On a quick side note, of the four nights we spent in Mexico, the first was in Toluca. The second and third were at the Refugio on the lower slopes of Iztaccihuatl (mouth-watering views of Popocatepetl!) and the last was in downtown Mexico City. Of which, while Livingston was driving us through the labyrinth of Mexico City to our final accommodations, I spied something both perverse and fascinating constructed on the sidewalk, sandwiched in between two unlucky storefronts.
Livingston must have noticed my rapt interest in the diorama in the rear-view mirror because he proceeded to explain it in guarded and loose terms. I knew more specifics about this particular ‘saint’ from watching the television program, “Paranormal Witness” and from doing my own research into it. I was mortified and shocked to learn that this wasn’t just some ‘dramatized hyperbole’ for the benefit of attracting more viewers for the Syfy channel. I’ll detail what ‘it’ was later on when I get to it.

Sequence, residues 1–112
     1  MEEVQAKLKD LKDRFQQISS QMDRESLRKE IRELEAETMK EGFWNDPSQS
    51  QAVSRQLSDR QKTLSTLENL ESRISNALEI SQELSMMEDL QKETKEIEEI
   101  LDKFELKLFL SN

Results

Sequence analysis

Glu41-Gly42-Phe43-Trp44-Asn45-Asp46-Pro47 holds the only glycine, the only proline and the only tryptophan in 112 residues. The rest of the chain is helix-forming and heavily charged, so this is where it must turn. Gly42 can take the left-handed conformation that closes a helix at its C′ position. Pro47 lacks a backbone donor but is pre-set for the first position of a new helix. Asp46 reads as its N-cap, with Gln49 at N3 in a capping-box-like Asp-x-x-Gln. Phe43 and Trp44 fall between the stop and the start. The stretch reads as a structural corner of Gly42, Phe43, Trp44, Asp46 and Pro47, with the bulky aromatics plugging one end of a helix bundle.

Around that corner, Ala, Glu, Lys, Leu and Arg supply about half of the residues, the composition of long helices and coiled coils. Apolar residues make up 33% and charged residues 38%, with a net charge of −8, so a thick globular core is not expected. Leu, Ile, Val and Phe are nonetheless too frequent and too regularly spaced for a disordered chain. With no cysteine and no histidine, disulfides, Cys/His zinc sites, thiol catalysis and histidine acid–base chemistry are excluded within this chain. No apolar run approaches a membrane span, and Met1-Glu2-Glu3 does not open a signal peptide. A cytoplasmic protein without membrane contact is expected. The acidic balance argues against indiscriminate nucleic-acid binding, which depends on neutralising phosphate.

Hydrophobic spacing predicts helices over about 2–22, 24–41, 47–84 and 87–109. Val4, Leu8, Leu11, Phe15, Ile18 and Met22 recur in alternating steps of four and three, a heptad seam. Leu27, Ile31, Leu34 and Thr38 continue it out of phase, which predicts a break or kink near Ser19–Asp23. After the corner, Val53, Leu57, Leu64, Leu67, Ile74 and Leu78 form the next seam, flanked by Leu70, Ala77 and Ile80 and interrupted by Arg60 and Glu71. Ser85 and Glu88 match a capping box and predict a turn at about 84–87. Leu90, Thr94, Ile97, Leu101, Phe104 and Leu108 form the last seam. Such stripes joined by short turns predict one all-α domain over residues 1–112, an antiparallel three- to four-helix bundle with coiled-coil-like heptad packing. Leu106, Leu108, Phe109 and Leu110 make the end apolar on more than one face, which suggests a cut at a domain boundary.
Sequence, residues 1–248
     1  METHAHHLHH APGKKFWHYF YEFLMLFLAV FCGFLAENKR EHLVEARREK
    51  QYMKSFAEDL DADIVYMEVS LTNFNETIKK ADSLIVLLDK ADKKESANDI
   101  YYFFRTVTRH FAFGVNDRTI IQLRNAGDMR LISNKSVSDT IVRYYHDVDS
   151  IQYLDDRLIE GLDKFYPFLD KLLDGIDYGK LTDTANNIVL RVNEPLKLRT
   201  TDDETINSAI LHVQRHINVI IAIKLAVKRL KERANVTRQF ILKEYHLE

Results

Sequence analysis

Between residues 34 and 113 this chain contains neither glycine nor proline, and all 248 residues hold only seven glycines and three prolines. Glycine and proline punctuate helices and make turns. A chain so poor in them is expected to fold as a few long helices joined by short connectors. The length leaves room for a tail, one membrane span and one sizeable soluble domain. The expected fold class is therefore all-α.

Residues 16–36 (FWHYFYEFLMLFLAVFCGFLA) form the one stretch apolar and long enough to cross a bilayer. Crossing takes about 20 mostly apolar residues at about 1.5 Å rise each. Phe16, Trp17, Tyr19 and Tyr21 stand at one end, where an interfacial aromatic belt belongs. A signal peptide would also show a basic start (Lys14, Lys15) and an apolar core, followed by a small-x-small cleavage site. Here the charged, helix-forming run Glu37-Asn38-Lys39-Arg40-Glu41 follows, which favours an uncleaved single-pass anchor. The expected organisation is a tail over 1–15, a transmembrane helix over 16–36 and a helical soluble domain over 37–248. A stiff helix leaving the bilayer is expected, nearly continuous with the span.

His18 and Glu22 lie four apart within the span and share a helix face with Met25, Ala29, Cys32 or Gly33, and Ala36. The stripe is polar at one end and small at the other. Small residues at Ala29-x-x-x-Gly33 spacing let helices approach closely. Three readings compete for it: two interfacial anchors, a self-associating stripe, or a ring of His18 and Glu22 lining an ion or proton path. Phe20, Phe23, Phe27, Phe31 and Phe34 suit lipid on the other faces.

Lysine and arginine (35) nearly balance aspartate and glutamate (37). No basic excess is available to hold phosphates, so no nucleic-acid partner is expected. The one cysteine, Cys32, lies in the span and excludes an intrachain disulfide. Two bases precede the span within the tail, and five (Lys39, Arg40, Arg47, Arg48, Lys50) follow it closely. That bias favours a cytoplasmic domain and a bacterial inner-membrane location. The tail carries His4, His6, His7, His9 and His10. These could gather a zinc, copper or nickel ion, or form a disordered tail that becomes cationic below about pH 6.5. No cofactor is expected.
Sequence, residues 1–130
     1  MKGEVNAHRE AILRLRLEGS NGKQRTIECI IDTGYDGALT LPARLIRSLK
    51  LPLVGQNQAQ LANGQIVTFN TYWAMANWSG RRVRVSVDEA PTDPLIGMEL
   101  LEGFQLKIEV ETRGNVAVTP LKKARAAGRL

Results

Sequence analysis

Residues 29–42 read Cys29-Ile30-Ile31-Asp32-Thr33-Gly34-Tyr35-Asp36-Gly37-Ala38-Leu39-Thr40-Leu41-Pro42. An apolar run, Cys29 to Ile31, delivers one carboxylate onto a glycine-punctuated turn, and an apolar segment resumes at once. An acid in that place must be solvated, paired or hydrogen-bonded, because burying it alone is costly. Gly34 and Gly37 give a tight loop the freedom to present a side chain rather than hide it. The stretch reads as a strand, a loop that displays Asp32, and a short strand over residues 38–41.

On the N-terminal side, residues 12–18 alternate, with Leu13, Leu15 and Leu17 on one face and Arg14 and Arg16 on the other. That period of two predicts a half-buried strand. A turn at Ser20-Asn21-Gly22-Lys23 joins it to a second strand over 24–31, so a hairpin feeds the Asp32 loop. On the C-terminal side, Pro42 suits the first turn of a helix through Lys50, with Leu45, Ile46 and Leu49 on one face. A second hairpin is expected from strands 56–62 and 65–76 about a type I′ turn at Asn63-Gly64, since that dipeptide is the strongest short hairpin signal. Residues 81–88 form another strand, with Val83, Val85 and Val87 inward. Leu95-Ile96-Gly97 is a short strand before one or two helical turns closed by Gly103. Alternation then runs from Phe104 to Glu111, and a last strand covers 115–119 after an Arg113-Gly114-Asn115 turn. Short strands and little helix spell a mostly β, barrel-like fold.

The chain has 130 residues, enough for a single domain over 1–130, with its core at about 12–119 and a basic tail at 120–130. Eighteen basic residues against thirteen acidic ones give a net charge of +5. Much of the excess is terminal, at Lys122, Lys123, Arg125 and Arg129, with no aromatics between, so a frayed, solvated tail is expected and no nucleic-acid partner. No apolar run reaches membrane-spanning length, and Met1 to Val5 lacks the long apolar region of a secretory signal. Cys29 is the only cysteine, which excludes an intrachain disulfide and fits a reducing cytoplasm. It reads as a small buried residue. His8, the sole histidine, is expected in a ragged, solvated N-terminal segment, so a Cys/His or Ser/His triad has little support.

Nevado de Toluca
Nevado de Toluca is a cool volcano. For anyone needing to acclimate before heading up the higher peaks, I’d recommend Nevado de Toluca. We arrived at the Meteorological Station to a closed gate and no other vehicles. Even the bunks in both buildings were deserted and empty. We all left the parking lot on a dusty trail heading up towards the crater rim.